ii. Address userspace “coordination” issue (multi-actor problem)

JS needs to cooperatively schedule between different parts of the app, and they need a common set of priorities for tasks. Some parts of the app may be using a JS scheduler with priorities but other parts of the app may not or may use a different priority mechanism (eg. embedded libraries). So low priority work in one system can get prioritized over high priority work in another.
Some motivating discussion here:

iii. Support cancellation & dynamically updating priority

See related note on lower level API The higher level API would need to run at high priority, so that it can process calls to cancel or repost, without risk of starvation.

iv. Easier to reason about and track priority

JS library could make it easy to trace back current work to what triggered the work and corresponding priority, and make it easier to connect the dots. For instance, in response to high priority user interaction, work is flowing through the system (fetches, post-processing, followed by rendering) and should inherit the original priority.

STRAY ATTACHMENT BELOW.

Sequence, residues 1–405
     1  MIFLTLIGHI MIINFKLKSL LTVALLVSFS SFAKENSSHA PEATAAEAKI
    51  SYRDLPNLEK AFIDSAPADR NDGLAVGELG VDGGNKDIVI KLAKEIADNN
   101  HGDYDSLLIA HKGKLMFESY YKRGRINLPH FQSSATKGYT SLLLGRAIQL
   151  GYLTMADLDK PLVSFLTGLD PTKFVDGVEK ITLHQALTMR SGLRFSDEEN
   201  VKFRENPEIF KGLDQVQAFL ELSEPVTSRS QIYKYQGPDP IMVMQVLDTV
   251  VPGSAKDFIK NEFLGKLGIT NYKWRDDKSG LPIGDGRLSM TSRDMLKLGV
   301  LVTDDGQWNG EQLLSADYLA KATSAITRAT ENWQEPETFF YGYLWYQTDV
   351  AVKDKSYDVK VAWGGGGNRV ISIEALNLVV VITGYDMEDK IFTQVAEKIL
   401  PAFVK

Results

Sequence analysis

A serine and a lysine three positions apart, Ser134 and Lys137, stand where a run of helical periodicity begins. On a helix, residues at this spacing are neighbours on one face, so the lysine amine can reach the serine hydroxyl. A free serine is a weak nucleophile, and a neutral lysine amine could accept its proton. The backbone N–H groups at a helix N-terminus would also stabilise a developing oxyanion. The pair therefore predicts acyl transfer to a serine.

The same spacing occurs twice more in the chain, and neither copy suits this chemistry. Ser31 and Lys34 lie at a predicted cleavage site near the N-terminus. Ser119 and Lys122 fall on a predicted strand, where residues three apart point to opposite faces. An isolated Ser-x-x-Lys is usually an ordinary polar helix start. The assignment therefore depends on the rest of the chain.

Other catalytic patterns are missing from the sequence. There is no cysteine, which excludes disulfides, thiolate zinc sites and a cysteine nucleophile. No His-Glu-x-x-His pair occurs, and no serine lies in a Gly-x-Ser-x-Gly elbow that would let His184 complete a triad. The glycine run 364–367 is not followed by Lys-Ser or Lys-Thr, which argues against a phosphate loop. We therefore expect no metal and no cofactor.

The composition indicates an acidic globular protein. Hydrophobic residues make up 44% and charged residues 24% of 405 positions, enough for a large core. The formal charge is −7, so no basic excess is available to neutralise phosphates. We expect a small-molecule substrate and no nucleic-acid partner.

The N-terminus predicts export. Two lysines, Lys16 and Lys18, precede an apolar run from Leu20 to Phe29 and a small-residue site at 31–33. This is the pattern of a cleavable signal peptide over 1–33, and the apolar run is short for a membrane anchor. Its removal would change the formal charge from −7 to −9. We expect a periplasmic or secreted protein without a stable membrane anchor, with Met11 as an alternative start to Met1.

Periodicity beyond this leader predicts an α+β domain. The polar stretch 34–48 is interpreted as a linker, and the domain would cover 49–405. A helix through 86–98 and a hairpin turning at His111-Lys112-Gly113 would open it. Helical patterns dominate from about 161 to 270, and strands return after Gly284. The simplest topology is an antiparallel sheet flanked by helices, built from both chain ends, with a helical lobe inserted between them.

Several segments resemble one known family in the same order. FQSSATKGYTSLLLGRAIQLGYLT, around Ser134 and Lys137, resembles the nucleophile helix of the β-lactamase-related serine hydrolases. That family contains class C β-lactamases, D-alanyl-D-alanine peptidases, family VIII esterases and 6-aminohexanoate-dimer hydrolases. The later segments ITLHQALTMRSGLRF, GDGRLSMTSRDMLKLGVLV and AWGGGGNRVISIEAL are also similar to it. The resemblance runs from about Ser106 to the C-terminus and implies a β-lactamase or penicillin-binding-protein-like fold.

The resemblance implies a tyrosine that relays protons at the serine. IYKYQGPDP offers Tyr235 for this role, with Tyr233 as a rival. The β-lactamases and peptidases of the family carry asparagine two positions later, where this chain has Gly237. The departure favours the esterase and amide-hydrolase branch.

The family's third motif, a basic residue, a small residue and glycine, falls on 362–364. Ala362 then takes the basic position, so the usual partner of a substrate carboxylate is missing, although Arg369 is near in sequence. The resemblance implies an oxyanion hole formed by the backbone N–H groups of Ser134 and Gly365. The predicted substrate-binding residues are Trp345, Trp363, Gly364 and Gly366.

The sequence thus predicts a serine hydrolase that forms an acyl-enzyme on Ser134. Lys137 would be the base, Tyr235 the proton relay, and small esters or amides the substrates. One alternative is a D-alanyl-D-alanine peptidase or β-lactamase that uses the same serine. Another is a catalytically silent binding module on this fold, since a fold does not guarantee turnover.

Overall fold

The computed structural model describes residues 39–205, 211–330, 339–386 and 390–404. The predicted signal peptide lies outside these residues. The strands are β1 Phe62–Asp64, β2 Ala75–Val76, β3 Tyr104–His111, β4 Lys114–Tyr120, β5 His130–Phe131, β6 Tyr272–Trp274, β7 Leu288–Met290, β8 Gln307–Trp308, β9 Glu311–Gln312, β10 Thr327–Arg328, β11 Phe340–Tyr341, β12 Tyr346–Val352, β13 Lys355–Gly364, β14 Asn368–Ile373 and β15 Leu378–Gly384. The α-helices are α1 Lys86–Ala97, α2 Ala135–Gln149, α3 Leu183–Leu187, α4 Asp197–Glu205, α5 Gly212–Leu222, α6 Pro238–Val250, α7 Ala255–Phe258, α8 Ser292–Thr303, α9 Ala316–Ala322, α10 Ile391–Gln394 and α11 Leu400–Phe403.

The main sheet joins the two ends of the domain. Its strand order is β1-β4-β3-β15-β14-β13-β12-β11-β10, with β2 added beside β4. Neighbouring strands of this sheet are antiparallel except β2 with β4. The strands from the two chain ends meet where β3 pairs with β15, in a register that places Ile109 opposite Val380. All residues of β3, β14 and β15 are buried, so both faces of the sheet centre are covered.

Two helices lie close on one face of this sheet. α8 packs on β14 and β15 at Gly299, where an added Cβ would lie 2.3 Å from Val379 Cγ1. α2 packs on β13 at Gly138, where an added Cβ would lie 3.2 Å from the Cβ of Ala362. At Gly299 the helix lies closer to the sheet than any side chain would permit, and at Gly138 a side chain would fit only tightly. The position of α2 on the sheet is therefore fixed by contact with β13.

Appendix: Scheduler case studies

Case study 1: Maps’ Job Scheduler

The scheduler attempts to render at the native framerate (usually ~60fps) but falling back to unit fractions of the native framerate (e.g. 1/2 native at ~30fps, 1/3 native at ~20fps, etc) if the native framerate cannot be achieved. It works by classifying all work into several stages:

  1. Input: updating model state in response to user input.
  2. Animation: updating model state based on the current time.
  3. Rendering: drawing to the screen based on current model state.